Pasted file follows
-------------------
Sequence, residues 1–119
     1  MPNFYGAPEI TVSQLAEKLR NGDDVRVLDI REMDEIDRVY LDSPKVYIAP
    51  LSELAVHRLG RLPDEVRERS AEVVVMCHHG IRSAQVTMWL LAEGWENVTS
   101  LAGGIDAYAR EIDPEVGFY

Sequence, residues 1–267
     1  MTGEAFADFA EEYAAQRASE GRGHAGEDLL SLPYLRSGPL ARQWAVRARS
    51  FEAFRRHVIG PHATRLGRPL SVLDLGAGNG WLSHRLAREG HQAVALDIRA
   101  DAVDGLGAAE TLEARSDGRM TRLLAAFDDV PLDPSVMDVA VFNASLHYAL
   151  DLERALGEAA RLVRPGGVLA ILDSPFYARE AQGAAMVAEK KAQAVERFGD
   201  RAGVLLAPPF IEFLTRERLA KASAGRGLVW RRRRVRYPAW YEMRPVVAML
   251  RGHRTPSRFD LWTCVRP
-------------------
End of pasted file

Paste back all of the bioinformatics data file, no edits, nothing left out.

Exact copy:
Sequence, residues 1–119
     1  MPNFYGAPEI TVSQLAEKLR NGDDVRVLDI REMDEIDRVY LDSPKVYIAP
    51  LSELAVHRLG RLPDEVRERS AEVVVMCHHG IRSAQVTMWL LAEGWENVTS
   101  LAGGIDAYAR EIDPEVGFY

Sequence, residues 1–267
     1  MTGEAFADFA EEYAAQRASE GRGHAGEDLL SLPYLRSGPL ARQWAVRARS
    51  FEAFRRHVIG PHATRLGRPL SVLDLGAGNG WLSHRLAREG HQAVALDIRA
   101  DAVDGLGAAE TLEARSDGRM TRLLAAFDDV PLDPSVMDVA VFNASLHYAL
   151  DLERALGEAA RLVRPGGVLA ILDSPFYARE AQGAAMVAEK KAQAVERFGD
   201  RAGVLLAPPF IEFLTRERLA KASAGRGLVW RRRRVRYPAW YEMRPVVAML
   251  RGHRTPSRFD LWTCVRP